Children Health

COVID-19 and isolation! | by Snoozy_dogmomma | Jan, 2024

COVID-19 and isolation!

It was July 2020 and I was scheduled to start my COVID ICU rotation.

In India, we had been observing the plight of healthcare workers, the inadequacy of PPE, and the plight of patients stricken with moderate/severe COVID.

While I was looking forward to being at the frontline, a part of me was nervous. I worried whether I would be up to the challenge. I worried whether I would be enough for my patients.

The first shift of my first day started at 9 pm IST. I hesitated as I entered the donning area. I shakily put on my personal protective equipment and soon enough my goggles were fogging and I could barely breathe. I had already read about these challenges and I was mentally prepared to work in less than ideal circumstances.

Through the fog, I walked into the ICU, into a sea of walking, talking personal protective equipments. The only way to tell one PPE from another was by the name and designation scribbled on the suits. If one ever felt that medicine was impersonal, COVID-19 amplified that feeling beyond measure.

I had patients of all sizes, shapes, colors, castes, religions, personalities, and ages. I had patients with all sorts of diagnoses. The COVID-19 illness could be primary or could be adjacent to the other comorbidities.

While I experienced anonymity during my six-hour shift, this was the persistent plight of patients in a COVID-19 ICU. Those patients who were intubated and mechanically ventilated were possibly the most at ease, in my opinion.

My heart bled for those patients who were conscious, yet too sick to move around. They needed help to perform their daily ablutions and were at the mercy of an already overburdened system. I saw patients who just wanted to urinate and couldn’t call out for help, because they were breathless.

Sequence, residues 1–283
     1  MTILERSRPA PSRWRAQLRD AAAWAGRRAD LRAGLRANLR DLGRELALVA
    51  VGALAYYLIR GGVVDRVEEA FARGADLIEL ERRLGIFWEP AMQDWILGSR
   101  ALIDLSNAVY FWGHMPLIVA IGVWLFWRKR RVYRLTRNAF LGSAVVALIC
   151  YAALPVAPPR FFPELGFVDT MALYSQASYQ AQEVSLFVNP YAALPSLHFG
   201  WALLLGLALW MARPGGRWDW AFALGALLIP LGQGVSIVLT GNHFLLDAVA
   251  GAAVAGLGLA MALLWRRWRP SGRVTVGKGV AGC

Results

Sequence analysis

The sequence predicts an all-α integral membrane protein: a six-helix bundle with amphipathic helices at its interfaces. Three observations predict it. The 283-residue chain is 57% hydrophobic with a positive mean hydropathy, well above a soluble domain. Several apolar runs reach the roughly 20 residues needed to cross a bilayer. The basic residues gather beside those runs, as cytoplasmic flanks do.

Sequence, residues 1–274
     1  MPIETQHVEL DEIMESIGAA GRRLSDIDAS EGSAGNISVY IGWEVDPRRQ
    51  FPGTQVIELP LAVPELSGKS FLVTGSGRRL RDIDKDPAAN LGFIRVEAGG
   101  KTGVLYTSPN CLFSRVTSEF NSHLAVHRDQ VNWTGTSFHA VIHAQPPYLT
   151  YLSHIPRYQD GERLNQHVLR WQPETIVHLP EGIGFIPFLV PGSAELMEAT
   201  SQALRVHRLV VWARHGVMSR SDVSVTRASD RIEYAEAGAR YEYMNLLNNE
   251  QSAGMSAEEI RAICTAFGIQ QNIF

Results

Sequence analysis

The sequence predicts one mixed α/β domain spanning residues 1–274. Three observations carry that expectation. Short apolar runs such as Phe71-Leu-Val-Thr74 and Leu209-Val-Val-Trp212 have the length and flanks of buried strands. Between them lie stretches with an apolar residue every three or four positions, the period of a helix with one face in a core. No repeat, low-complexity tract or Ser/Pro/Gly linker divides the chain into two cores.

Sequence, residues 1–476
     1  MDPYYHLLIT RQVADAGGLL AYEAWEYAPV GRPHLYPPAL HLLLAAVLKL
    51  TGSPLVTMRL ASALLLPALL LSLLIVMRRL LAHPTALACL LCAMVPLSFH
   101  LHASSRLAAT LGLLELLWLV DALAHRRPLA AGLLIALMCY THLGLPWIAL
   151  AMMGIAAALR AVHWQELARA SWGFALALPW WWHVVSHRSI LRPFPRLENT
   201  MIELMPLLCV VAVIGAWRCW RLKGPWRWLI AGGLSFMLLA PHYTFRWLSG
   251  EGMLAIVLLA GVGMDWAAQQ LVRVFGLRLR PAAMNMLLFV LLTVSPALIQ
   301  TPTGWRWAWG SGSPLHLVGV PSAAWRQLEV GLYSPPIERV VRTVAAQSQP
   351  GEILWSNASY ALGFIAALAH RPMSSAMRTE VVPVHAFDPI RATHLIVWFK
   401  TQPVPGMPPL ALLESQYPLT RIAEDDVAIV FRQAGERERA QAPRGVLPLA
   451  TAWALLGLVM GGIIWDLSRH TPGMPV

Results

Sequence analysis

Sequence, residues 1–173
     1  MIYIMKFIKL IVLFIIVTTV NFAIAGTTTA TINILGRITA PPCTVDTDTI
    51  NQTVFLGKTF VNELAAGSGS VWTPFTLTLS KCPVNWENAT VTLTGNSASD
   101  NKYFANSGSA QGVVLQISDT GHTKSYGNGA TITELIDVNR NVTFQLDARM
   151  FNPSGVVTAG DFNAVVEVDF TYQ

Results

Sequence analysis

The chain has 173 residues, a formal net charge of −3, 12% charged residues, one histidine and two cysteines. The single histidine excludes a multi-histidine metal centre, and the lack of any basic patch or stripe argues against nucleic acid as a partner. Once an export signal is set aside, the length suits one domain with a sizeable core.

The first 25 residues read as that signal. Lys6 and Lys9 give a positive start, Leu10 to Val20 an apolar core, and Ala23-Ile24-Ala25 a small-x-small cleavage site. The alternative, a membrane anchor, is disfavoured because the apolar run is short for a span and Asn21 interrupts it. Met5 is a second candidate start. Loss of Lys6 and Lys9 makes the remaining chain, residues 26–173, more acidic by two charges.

I saw patients breaking down due to the isolation and the impersonal environment. I saw patients weeping because they wanted to go home. We all tried our best to speak to these patients. However, when one has to choose between impending respiratory arrest and chicken soup for the soul, one runs out of options.

While each patient’s misery was palpable and punishing, I will never be able to forget the faces of two children who came into our ICU.

One of these patients was a six-year-old who walked into the ICU, alone and unsure. He wore a short-sleeved shirt and shorts. His fingers kept fidgeting as he found himself in alien surroundings. His COVID illness was incidental but he had an underlying liver condition. He was stable but we couldn’t take any chances. It was heartbreaking to watch him attempt to take up the least possible space on the huge adult hospital bed. He complied with all treatment modalities, but one could see the anxiety that was so common in the eyes of a COVID-19 patient. We could try to explain his situation to him, but nothing would supplant being in his comfort zone (Whatever that may be to him!). As I got ready to finish my shift, he remained there, quiet and cowering.

The other patient was not primarily assigned to me. I chanced upon him. I was in a tearing hurry to do a blood gas analysis when I heard the wailing of a child. I looked around desperately and found a four-year-old. His head was his prominent part, while the rest of him was emaciated due to a malignancy that he was dueling with. Sadly, he was afflicted with COVID-19 as he received treatment for his cancer. He too was in the ICU due to his coexistent condition. I asked him why he was crying. He initially wouldn’t make eye contact. He just lay there with the quivering lips and the tear-filled eyes. After a lot of cajoling, he finally whispered, “I want tea”. Something as simple as this filled him with such despair!

This may seem trivial to able-bodied individuals. However, I can’t even begin to explain the extent of disillusionment. I can not begin to explain the emotional asphyxiation that COVID-19 caused. I cannot begin to fathom the scars that still remain.

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